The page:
How to Become a Veterinarian: Australian Careers in Animal Care

Veterinarians deal with an incredible variety of animals; from domestic pets to livestock to native wildlife. Because your daily tasks will never be the same, you must be able to move easily between the different varieties of cases and species of animals. Veterinarians usually specialise in a particular area, working out of a local clinic or practice or in research. A veterinarian must carry a qualification, usually in the form of an undergraduate or postgraduate degree, taking between four to six years to complete at most universities. Once you have earned your qualification, you will need to register with the veterinary surgeon board, depending on which state you choose to practice.

  • Task Career in focus: What a veterinarian does

    A veterinarian cares deeply about the health and wellbeing of all animals, and helps animals and their owners treat illnesses and injuries through treatment and prevention programs. Depending what sort of species you would like to work with, a veterinarian can work in a clinic for domestic animals, or in an outdoor or national park setting, working with livestock or wildlife, as well as attending inspections and investigations to ensure animal wellbeing rights are being adhered to. As well as providing medical tests and treatment and surgical procedures, you may also assist with providing information on breeding behaviours and genetics.


    • Help heal sick or injured animals
    • Provide onsite or emergency animal care
    • Implement prevention programs such as vaccinations
    • Conduct diagnostic tests including collecting samples
    • Anaesthetise animals when necessary
  • Skills Core qualities: Skills to succeed as a veterinarian

    As well as being an animal lover, a veterinarian is caring of animals that are often of high emotional value to their owner, so you will need to be able to effectively communicate with your clients in an empathetic but factual manner. Because you will be administering medication, you will need to be able to understand the chemical makeup of these medicines and how this will affect different types and sizes of animals.

    • Analytical and problem solving approach
    • Ability to care for animals and their owners
    • A strong passion for animal health and happiness
    • Good understanding of medicine, chemistry and animal science
    • Able to work under pressure and make sound judgement calls
  • Specialisations The field: Specialisations within animal care

    Veterinarians have a wide variety of different career pathways that give you the opportunity to explore different roles, locations and challenges. Most qualified veterinarians work with domestic or unusual pets in a local clinic, or you may like to practice in a wildlife sanctuary or zoo. Veterinarians can take on further training to become qualified as a specialist in a variety of roles including surgery, dermatology and dentistry.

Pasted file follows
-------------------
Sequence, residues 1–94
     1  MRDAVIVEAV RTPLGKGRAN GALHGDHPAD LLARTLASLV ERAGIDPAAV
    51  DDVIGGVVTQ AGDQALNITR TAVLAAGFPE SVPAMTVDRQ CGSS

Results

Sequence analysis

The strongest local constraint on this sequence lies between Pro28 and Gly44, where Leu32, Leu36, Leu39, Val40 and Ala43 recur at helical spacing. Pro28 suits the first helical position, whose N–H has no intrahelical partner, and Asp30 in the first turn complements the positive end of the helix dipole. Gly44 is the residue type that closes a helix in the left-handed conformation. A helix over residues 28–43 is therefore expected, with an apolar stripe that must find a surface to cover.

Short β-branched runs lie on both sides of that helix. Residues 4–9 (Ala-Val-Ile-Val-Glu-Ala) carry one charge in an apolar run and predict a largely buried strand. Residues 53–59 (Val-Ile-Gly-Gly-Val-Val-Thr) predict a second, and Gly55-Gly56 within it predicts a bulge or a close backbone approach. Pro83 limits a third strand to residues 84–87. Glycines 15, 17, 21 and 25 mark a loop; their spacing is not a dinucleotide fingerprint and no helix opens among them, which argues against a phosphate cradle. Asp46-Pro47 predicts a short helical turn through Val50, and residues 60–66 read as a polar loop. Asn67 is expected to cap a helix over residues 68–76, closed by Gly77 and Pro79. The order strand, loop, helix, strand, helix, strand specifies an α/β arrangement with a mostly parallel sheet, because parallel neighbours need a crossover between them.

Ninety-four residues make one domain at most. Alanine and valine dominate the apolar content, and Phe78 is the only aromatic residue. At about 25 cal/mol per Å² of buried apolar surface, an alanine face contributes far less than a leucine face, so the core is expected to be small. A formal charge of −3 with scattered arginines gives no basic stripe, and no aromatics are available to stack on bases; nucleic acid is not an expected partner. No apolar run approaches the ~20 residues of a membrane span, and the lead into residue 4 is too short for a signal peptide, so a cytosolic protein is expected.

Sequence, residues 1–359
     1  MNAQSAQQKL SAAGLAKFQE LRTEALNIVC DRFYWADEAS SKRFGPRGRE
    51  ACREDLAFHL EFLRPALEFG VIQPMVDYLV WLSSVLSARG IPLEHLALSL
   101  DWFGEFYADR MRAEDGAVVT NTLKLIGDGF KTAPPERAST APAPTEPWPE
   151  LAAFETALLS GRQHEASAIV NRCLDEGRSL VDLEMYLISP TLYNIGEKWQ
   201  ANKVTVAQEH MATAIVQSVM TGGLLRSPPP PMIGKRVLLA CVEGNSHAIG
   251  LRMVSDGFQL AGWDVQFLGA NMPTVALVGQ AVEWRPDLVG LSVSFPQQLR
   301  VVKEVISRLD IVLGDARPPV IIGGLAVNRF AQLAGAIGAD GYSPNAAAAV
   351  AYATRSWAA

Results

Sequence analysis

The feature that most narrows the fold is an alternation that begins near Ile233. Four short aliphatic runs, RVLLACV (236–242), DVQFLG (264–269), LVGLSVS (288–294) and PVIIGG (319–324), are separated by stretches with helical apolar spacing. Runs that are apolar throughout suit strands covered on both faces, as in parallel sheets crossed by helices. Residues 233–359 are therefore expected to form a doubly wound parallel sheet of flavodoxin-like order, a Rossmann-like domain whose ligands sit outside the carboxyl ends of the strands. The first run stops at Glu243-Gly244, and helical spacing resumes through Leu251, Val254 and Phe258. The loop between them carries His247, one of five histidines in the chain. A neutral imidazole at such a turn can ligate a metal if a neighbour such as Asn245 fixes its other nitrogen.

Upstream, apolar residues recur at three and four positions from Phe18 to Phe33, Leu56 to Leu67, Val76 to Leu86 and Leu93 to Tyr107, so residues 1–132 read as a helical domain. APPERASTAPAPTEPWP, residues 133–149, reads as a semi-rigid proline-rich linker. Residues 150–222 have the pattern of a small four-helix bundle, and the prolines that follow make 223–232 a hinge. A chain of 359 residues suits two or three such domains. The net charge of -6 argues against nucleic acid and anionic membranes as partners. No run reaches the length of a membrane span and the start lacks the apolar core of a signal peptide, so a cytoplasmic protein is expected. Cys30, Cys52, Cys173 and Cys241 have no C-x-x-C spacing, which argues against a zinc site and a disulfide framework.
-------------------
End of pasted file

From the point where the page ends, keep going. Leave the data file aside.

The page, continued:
Veterinary pathology

    Veterinary pathologists often work alongside other veterinarians in most major cities by examining samples and providing specialist diagnosis. As a pathologist, you will be required to undertake additional study (usually two years) and pass a qualifying test through the Australian College of Veterinary Scientists.

    Wildlife and conservation

    If you have a passion for animals as well as nature, there are roles available that deal with wellbeing of wildlife as well as the conservation of the environment or habitat in which they live. In this field, veterinarians often have a qualification in conversational science and will study a particular species in its natural habitat.

    Cattle practice

    If you enjoy the farming or rural life, helping farmers in the fertility and reproduction of their cattle is very rewarding, and can often see you travelling around regional areas of Australia. You will assist livestock improve on their fertility health as well as monitor them throughout their pregnancies and help with emergency delivery procedures.
  • Pathways The right track: Find study options for becoming a veterinarian

    To work as a qualified veterinarian, you will first need to acquire an undergraduate or postgraduate degree in veterinary science.

    Starting Out

    A university degree is a long-term time commitment, so if you first want to try working in the sector, before you commit to long-term education, you can first gain a vocational qualification, starting out as a veterinary nurse. 

    Building Skills

    To enrol in a Bachelor of Veterinary Science, all universities require a high ranking score. 

    Developing Your Resume

    There are lots of opportunities available to you in your postgraduate careers and a well-developed resume can see you working in a high-level management-type role. 

    Industry Recognition

    Depending on what state you wish to practice in, you will need to register with your state veterinary registration board, once you are qualified.

    Entering the Workforce

    To give yourself a polished resume to make you stand out from the crowd, check out our sample resumes and cover letters.

    Job Prospects in Animal Care: Working life as a veterinarian

    Over the next 10 years, prospects for veterinarians are stable, giving you a good chance to secure full-time employment with an above-average salary of $75,000.

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